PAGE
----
Lastly, in defense of Elfman (my second favorite modern composer :)): it's easy to say "Batman sounds like Dick Tracy, which sounds like Darkman, which sounds like the Flash." And I wouldn't argue with that statement at all. But Batman does not sound like Mars Attacks, and neither sound like Edward Scissorhands, nor do any of these sound like Sommersby or Sleepy Hollow. Even though several of his works do sound very similar, I actually think he has more range than Williams, who does mainly SW-esque music.

Exhaust Port
09-30-2003, 12:12 PM
I've always believed that popularity creates short term success but talent creates long term success. Mozart wouldn't be popular today if his music wasn't any good.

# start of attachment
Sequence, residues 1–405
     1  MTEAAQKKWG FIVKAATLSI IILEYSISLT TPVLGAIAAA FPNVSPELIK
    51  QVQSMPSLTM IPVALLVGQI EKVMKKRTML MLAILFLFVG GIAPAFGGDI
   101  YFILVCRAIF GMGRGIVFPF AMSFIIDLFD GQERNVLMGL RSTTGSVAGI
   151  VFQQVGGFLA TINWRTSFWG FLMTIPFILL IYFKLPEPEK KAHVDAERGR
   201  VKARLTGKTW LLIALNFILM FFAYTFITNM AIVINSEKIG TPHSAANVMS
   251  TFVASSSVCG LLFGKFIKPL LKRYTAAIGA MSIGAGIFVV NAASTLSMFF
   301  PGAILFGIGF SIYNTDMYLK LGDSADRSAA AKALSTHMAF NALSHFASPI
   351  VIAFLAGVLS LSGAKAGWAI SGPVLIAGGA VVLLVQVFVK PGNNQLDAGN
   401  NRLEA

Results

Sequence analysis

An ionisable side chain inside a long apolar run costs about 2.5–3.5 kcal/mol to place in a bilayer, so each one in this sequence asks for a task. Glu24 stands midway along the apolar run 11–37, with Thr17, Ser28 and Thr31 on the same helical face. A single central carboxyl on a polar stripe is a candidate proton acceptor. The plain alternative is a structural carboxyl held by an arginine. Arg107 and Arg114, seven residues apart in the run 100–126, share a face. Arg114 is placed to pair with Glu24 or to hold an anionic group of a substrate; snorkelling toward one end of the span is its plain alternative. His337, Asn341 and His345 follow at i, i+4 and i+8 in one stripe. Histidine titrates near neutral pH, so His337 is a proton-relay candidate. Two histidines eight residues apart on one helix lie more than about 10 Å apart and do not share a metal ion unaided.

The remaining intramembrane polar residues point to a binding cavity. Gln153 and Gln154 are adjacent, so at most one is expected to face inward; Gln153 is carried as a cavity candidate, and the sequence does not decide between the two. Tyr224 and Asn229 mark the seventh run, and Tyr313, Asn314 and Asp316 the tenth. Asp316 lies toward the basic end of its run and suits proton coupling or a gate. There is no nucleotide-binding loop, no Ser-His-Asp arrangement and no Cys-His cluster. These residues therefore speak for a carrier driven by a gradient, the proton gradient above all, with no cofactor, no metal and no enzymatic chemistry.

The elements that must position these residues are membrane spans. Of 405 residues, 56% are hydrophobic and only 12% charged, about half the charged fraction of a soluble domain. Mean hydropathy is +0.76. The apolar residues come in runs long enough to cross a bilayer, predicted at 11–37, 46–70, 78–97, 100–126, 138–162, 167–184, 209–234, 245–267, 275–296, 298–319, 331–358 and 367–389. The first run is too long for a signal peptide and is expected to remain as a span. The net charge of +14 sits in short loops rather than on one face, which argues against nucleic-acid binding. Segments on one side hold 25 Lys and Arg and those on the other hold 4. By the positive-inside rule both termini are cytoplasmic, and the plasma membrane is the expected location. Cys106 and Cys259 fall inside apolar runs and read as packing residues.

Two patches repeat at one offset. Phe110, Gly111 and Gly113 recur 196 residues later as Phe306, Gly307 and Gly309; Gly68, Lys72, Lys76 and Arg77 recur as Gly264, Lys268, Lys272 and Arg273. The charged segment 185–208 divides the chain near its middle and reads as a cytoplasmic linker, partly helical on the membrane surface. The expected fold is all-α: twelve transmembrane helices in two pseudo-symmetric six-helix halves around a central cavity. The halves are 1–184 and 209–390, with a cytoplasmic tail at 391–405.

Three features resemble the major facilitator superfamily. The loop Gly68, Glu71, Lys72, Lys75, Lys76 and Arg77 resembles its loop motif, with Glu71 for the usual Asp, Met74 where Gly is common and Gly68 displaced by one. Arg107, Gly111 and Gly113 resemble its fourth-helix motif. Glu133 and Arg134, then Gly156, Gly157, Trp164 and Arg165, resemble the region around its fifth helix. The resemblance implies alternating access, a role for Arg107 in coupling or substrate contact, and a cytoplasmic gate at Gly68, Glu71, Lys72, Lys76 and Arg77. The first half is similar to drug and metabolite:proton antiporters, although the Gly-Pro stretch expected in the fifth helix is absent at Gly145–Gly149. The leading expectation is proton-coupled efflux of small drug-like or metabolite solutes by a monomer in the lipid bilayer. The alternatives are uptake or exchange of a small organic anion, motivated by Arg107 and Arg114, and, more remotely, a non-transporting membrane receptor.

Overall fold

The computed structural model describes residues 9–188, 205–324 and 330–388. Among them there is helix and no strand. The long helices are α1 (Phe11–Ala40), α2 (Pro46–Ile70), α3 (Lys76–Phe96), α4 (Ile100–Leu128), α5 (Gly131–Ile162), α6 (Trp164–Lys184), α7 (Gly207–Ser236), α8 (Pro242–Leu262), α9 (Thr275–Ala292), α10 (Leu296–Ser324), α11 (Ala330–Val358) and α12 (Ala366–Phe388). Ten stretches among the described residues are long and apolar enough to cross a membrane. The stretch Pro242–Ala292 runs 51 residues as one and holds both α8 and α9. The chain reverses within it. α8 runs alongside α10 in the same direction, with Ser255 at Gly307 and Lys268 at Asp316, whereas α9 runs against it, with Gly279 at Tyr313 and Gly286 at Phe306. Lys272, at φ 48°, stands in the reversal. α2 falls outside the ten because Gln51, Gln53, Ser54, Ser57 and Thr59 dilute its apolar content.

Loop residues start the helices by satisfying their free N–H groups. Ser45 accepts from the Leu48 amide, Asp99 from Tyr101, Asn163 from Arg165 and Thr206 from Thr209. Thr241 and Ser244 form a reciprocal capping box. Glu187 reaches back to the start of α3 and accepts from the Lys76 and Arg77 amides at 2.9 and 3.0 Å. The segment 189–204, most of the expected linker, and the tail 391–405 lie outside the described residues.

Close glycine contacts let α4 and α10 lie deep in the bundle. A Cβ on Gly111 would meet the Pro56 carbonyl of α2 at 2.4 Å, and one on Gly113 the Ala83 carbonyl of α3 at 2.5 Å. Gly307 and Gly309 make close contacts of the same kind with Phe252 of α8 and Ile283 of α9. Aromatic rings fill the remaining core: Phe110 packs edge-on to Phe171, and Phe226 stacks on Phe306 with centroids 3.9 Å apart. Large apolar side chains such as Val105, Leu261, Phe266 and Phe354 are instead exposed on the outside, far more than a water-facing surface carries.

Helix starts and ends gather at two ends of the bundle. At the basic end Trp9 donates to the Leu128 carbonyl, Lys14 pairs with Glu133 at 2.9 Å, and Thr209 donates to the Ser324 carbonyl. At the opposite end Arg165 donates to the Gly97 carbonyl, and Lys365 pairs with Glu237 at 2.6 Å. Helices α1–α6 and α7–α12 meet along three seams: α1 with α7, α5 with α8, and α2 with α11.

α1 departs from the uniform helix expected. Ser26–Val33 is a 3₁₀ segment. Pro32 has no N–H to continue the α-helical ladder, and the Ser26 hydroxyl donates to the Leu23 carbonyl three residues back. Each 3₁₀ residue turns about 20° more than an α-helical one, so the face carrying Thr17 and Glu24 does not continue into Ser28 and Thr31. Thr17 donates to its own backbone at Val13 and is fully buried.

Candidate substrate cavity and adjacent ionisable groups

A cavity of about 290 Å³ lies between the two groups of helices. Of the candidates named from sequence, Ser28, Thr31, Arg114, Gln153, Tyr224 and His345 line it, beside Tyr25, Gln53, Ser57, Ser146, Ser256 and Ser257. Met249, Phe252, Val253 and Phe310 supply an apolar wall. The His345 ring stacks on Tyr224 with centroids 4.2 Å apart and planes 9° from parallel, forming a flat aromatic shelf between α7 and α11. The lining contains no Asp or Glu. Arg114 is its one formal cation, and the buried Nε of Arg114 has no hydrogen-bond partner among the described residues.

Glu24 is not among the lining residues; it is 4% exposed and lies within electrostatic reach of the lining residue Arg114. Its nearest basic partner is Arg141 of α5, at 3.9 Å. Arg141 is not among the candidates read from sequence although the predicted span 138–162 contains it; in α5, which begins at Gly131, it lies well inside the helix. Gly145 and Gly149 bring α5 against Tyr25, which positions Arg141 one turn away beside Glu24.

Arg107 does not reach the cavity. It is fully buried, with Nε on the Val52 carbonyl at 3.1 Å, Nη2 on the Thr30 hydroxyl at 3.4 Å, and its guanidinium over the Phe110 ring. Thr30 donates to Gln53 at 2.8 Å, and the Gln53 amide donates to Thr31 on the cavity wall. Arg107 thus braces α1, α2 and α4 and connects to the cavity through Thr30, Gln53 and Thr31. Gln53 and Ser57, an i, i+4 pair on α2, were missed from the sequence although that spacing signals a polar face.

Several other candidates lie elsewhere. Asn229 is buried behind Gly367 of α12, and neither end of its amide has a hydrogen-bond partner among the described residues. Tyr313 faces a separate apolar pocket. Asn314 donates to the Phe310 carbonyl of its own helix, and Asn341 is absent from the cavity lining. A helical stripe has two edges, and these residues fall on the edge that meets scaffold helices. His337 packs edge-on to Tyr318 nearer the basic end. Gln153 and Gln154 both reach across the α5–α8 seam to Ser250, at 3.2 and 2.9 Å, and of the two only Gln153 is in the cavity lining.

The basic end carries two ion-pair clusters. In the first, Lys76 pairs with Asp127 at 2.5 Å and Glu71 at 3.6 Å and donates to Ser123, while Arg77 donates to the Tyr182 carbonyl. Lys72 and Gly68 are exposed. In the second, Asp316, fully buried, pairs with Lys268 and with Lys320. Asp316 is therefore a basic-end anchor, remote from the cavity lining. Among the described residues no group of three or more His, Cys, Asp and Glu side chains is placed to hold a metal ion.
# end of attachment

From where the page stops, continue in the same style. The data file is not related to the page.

I think the one point that could keep JW from long term success is the movie soundtrack genre. Yes he does put out a great soundtrack but in 50 years who's going to care about the composer of the music for some old movies? JW is a master of carrying movies through music but does his music stand alone? I don't think any of us really can answer that. Would we be excited by the opening SW music if we never saw the movie?

A lot of the classical music I like tells a story or paints a visual picture, like Holst's "The Planets." (the opening to the Metallica cover of "Am I Evil?" comes from this piece :D ) Very little of each soundtrack to a movie does that for me. A soundtrack doesn't have to paint the picture, only compliment it. There are a few pieces in the SW library that do paint an amazing picture. The absolute best (albiet short) is "The Asteroid Field" from ESB. Damn fine music!

plo koon 200
09-30-2003, 03:04 PM